[ Asthetique ] Café Polet


Located at Khodynka Field, a decommissioned airfield just 7 kilometres from Moscow’s city centre which has been rebuilt as a commercial and residential development, Café Polet is a new restaurant that channels the site’s illustrious aviation history with a retro-futuristic interior by New York-based design studio Asthetique that combines the sleek modernism of the space age with the cinematic grandiosity of early sci-fi movies.

Officially named Frunze Central Aerodrome, the former airfield was at the core of Russia’s aviation industry from the early 20th century onwards when the first Russian powered flight took off from here. It was officially closed down in 2003, but since then the area has seen several large scale developments, including one of the largest shopping centres in Europe, a sports arena, a football stadium and the Russian National Air & Space Museum, as well as a new residential neighbourhood. Asthetique’s bold interior design of retro-futuristic sophistication manages to both pay homage to the site’s aeronautical heritage and encapsulate the area’s dynamic comeback.

Taking advantage of the restaurant’s high ceilings and huge windows, the designers have swathed the space in gleaming surfaces, from stainless steel surfaces, to brass finishes, to marble table tops, and incorporated several monumental objects such as a six-metre-high winged goddesses, black-birch angular panelling, and a towering concrete bas-relief depicting a plane taking off to “convey energy, speed, strength and dynamism” as Julien Albertini, co-founder of Asthetíque, explains. Inspired by Russian Constructivism, the monumental set-pieces reference the early days of Soviet aviation and at the same time enhance the sense that you’ve stepped onto a retrograde movie set – the faceted silver goddesses in particular seems to have come out of director Fritz Lang’s expressionist masterpiece ‘Metropolis’.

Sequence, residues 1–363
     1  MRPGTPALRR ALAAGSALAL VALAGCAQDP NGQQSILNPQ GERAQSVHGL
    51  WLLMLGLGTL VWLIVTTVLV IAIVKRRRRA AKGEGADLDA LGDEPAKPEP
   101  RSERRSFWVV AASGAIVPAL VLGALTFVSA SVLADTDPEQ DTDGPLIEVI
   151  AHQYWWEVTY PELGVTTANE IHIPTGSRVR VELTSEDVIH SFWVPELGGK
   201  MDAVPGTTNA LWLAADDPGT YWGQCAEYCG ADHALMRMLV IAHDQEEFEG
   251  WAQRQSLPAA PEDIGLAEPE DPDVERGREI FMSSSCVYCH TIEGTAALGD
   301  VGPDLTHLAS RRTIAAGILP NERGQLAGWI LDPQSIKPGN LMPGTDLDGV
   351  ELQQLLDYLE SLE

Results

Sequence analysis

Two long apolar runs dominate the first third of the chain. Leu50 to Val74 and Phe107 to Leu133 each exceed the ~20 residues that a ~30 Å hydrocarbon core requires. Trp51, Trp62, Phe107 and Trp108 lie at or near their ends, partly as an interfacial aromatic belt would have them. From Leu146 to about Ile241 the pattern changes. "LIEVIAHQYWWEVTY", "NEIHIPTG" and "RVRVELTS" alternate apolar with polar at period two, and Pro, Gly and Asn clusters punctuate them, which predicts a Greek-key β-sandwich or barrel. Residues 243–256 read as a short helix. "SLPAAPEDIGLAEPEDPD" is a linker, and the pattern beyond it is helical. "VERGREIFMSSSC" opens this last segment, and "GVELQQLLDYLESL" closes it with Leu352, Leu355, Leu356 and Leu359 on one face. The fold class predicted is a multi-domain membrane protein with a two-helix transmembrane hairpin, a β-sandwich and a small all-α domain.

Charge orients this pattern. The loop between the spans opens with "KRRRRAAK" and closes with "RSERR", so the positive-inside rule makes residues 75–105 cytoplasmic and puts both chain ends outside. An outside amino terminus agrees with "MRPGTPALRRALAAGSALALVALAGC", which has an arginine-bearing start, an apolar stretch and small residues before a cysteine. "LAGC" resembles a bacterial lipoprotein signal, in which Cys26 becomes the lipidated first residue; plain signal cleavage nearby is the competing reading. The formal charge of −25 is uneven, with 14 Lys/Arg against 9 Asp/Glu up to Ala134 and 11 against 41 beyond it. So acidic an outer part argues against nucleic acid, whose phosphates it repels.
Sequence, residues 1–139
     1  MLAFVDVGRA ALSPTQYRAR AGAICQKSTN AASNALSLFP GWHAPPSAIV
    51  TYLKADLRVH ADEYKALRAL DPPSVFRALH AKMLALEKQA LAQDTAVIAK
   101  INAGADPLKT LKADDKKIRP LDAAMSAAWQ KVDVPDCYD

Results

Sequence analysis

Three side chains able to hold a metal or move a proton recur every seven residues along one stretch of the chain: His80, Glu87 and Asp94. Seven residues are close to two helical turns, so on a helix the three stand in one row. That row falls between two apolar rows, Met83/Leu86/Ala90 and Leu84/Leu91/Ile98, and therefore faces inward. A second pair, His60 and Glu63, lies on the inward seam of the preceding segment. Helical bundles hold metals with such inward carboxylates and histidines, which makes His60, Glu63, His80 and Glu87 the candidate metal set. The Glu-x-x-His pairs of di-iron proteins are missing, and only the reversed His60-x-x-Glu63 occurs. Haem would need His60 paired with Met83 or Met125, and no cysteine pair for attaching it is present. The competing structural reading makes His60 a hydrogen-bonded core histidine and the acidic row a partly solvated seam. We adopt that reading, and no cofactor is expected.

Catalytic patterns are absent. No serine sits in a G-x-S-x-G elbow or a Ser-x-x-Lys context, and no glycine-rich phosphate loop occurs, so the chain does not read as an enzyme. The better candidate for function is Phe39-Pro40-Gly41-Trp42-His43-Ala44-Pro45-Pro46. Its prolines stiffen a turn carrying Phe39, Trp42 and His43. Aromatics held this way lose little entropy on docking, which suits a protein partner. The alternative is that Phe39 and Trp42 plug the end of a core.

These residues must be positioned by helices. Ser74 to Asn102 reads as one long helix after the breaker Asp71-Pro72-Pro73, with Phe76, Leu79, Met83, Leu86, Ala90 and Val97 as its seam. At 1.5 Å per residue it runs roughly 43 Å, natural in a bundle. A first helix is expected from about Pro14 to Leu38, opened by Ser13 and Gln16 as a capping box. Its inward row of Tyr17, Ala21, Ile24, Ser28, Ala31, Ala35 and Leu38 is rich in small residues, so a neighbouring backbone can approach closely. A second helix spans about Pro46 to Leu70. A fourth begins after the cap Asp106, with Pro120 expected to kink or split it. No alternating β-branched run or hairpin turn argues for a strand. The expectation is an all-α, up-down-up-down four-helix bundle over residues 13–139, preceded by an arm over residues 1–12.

from yatzer



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